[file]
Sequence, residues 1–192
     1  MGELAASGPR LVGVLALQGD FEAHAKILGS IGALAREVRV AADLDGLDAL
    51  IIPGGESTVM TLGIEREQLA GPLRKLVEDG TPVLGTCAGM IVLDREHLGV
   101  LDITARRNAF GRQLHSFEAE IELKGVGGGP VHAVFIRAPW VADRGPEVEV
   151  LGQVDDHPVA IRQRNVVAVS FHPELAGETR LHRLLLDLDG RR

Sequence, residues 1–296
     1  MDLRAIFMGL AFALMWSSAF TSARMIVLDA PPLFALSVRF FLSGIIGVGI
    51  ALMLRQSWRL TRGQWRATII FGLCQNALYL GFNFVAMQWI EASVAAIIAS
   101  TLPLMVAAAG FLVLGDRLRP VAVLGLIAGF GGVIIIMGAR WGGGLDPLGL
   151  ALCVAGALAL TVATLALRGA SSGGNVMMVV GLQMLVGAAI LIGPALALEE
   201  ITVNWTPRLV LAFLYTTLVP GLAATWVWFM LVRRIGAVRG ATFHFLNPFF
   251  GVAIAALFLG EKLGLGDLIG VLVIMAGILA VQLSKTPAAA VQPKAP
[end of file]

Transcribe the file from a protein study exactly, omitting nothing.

Sequence, residues 1–192
     1  MGELAASGPR LVGVLALQGD FEAHAKILGS IGALAREVRV AADLDGLDAL
    51  IIPGGESTVM TLGIEREQLA GPLRKLVEDG TPVLGTCAGM IVLDREHLGV
   101  LDITARRNAF GRQLHSFEAE IELKGVGGGP VHAVFIRAPW VADRGPEVEV
   151  LGQVDDHPVA IRQRNVVAVS FHPELAGETR LHRLLLDLDG RR

Sequence, residues 1–296
     1  MDLRAIFMGL AFALMWSSAF TSARMIVLDA PPLFALSVRF FLSGIIGVGI
    51  ALMLRQSWRL TRGQWRATII FGLCQNALYL GFNFVAMQWI EASVAAIIAS
   101  TLPLMVAAAG FLVLGDRLRP VAVLGLIAGF GGVIIIMGAR WGGGLDPLGL
   151  ALCVAGALAL TVATLALRGA SSGGNVMMVV GLQMLVGAAI LIGPALALEE
   201  ITVNWTPRLV LAFLYTTLVP GLAATWVWFM LVRRIGAVRG ATFHFLNPFF
   251  GVAIAALFLG EKLGLGDLIG VLVIMAGILA VQLSKTPAAA VQPKAP